I recently met with an agent at a writing conference a couple of weeks ago. This statement in itself makes writers lean forward. Our hearts beat a little faster, and our fingers twitch to think of talking with agents. It’s ridiculous how nervous people get around these “gatekeepers.”
Many writers cold query. They get their submission ready and email a list of people they’ve never met in the hopes that their work will speak for itself. That’s the dream. That the writing is so good everyone will relate to it, love it.
That can happen but it’s not often the case.
The number of writers actively seeking agents far surpasses the number of active readers out there. Meaning people who aren’t just literate, but those who seek out new books and actually buy them. Add in the fact that the art of storytelling is overly romanticized and the market becomes flooded with people looking for their break.
When I first got into indie publishing I queried a little. I figured it’s best to aim high and then explore other options if that doesn’t work out. It landed me some deals with smaller publishers and the opportunity to climb the ladder.
I found submitting short stories to publications was a great way to receive feedback from top industry pros and build my skills as I went. I’m still doing that. But the necessity for representation is growing.
I’ve been at this pro writing life for almost eight years now. (Yes that means getting paid to write)
I cringe when I look at my early work. I shake my head at how I used to view agents and marketing. Sure they were always important, but they seemed almost like demi-gods towering above us peasants.
Truth: Agents are not magical purple flying unicorns.
They don’t fly around sprinkling fairy dust. Nor do they lead writers over a glittering rainbow into top author status. (Not literally, at least)
They are hard-working individuals who care about their clients and generally wish for everyone to succeed. They are best understood face-to-face. If a writer is going to work in the industry long-term they must set aside their fantasies (I keep mine in my pocket because they do come in handy sometimes), and learn to be professional.
This means writers need to get comfortable speaking with those who have risen higher than them. They must also get cozy with pitching, describing themselves, their style, and their goals.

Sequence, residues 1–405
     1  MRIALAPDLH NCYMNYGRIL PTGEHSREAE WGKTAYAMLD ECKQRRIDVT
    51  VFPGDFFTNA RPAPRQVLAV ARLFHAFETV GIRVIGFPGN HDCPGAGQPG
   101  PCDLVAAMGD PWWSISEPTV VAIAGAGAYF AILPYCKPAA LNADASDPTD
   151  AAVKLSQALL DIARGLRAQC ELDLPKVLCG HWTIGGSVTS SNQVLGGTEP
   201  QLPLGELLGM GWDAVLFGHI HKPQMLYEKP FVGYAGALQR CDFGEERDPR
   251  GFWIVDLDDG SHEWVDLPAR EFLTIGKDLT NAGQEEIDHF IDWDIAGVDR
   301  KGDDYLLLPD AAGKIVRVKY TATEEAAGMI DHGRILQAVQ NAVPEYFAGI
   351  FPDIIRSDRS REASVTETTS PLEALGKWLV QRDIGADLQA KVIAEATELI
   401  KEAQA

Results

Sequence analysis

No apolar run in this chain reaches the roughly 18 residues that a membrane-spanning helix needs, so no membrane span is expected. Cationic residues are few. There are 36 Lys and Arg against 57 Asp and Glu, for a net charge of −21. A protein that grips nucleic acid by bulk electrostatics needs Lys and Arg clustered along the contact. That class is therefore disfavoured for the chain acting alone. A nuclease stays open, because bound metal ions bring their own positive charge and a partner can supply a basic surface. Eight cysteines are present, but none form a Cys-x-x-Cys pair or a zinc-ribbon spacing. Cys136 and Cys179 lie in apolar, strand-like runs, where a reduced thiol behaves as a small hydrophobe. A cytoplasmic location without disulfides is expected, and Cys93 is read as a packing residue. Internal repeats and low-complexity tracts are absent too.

I used to hate talking about myself. It seemed vain and egotistical. I didn’t want to be full of myself.
I still don’t wish to become self-absorbed, but there is nothing wrong with cheering yourself on. If a writer can’t talk their work and themselves up, they’re not going to get very far. When living in the business of crafting words, language don’t just matter on the page. It matters at events, in emails, and blogs. Social Media. All of it.
It creates a lot of pressure when I stop and think about it.
I’m not saying anyone should be afraid to mess up or botch their words sometimes. We’re all human and even agents understand that.
My background in theater helps me with this. When I get tongue tied I just make a joke, laugh it off, and move on. I’m better in person because I like to get a feel for who I’m talking to. I like to know my audience as best I can. That’s why I love book tours and meeting with readers. When I hear what people like and want from me as an author I can better direct the bajillion ideas that flood my cranium on a daily basis.
The first time I met an agent at a signing, I didn’t know she was an agent. I thought she was a reader. She was genuinely interested in my work and we just talked about writing and publishing. We hit it off and THEN she handed me her card and suggested I submit my novel.
I could’ve died right there.
It was great.
Unfortunately her agency wasn’t a good fit for what I needed and my work wasn’t what her agency was really looking for. That’s how it goes. When we talk about this business being a “business,” it is truly that: A BUSINESS.
If a writer can’t imagine talking about their work over lunch with the agent they are querying, then maybe they’re not the right one. The right agent will become a partner, the person who gets the work where it needs to be to reach the broadest audience it can.
Going into my second sit down with an agent, it was with someone I’ve cold queried a couple of times (my work has far improved since then), my nerves were present, but I drew from my previous experience. She was nice, friendly, and encouraging. I could see myself working with her, asking for her input and guidance.
We meshed well.
That’s a good start. I don’t know if it will lead to a working relationship or not, but I can say that the experience lifted a weight off my shoulders. Agents are people. They are powerful to a degree, but they’re waiting to find that voice, that person who speaks to them so they can support their work and spread the word.
It’s as simple as that.
Emails are not the greatest introduction. The tech wall blocks a lot from view. Most aspects of communication have nothing to do with words but body language and styles. This is why everyone encourages writers to get out and attend events.
The more we circulate within the publishing world, the better we find our “fits.”
The old cranky hermit writer stereotype is sooo done. Writing is about communication. That means connecting with others. This includes, editors, publishers, and especially agents.